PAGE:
A Scottish teaching union is calling for the government to come up with a “plan B” for qualifications during Covid and accept that – in light of the recent move to online learning – plans for determining senior students’ grades must change.
After all Scottish exams were cancelled last month, it was announced that students' grades would be based on teacher judgement, with teachers told they needed up to four pieces of evidence to support their estimates – which would be quality assured by councils and the Scottish Qualifications Authority (SQA).
However, as a result of the move to online learning, Seamus Searson, the general secretary of the Scottish Secondary Teachers’ Association (SSTA), is arguing that the process for awarding grades this year set out by the SQA “will not be possible”.
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He told Tes Scotland that teachers now face “serious problems” gathering the evidence required by the body, given that the vast majority of students are working from home.
Coronavirus: New plan 'needed to award exam grades'
Even if the assessments could be completed, he argued, it was now impossible for teachers to verify if the work was actually a student’s own, meaning that those students with “the most help, resources and equipment would always do better”.
Mr Searson called for the government to come up with a “plan B”. He said: “Now is the time to look at a different way of recording pupils' progress at the end of this school year," arguing that the SQA could only have “a limited role” rubber-stamping “a straightforward” teacher estimate.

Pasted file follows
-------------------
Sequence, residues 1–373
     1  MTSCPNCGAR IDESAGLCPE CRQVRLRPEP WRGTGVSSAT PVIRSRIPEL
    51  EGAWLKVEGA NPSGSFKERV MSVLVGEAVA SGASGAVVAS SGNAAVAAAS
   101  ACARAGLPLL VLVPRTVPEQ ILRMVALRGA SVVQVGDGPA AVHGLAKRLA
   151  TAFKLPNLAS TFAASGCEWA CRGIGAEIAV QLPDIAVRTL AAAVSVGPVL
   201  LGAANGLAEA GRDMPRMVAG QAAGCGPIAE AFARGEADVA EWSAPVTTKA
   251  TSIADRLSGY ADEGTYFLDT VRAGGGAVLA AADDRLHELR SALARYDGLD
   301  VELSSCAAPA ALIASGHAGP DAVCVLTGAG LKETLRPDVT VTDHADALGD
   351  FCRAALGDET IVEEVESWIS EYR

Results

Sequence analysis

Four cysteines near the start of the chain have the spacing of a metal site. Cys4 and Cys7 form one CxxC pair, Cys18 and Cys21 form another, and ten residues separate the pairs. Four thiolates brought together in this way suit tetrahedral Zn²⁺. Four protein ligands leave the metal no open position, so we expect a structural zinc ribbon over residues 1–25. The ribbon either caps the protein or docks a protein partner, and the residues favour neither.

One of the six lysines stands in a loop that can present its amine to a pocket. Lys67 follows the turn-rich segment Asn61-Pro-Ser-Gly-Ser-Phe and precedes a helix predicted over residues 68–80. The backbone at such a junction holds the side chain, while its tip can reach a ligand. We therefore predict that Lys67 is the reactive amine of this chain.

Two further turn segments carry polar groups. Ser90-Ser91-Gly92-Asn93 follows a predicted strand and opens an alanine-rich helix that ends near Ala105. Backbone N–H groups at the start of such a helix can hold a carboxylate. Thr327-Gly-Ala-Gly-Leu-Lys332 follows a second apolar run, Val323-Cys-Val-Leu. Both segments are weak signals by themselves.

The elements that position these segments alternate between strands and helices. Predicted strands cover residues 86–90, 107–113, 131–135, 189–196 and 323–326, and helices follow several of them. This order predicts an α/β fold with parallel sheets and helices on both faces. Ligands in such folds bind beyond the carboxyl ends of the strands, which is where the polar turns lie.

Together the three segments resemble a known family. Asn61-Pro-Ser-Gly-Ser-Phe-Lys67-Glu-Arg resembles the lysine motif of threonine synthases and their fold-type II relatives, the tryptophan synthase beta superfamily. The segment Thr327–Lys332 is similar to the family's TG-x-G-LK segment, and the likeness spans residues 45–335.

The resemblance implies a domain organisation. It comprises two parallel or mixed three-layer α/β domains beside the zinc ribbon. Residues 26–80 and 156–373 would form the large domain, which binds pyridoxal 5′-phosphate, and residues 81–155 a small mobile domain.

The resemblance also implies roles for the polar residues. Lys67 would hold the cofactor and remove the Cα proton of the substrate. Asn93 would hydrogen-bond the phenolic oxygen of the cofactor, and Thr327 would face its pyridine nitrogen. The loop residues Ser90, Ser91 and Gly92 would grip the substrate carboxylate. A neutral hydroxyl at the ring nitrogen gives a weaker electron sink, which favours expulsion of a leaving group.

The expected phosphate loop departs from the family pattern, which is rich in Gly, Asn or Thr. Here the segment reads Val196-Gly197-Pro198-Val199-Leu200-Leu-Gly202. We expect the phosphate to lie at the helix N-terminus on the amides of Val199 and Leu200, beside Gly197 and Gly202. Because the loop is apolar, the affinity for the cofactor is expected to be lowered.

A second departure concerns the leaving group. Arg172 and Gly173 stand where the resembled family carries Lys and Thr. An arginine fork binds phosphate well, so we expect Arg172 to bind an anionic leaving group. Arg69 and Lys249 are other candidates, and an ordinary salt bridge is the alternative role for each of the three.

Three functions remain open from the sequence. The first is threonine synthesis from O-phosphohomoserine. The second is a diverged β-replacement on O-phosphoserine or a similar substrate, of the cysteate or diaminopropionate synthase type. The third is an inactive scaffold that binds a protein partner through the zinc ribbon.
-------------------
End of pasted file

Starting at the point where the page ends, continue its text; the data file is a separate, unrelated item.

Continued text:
“We may need to look this year at a holistic school report for each senior pupil that records the subjects they have studied and a straightforward teacher assessment," he said. "This report would be the passport for pupils into work, training or into education beyond the school.
“This would allow teachers of senior pupils to focus on teaching and learning until the end of May and not waste theirs and their pupils’ time in trying to create evidence that SQA requires. SQA may need to move over and let teachers do their jobs, and accept that it has a limited role, and confirm the final judgement of the school and its teachers.
“The government needs not to delay. It needs to break from tradition and set a sensible and achievable way forward that reassures pupils and teachers. This would reduce the anxiety and stress of both pupils and teachers.
“Waiting too long and making a late decision does not help anyone.”
Mr Searson was the first prominent figure in Scottish education to call for the 2020 exams to be cancelled – he outlined the reasons for the move in late April in a Tes Scotland article.
Senior officials from the SQA will appear before the Scottish Parliament's Education and Skills Committee tomorrow afternoon.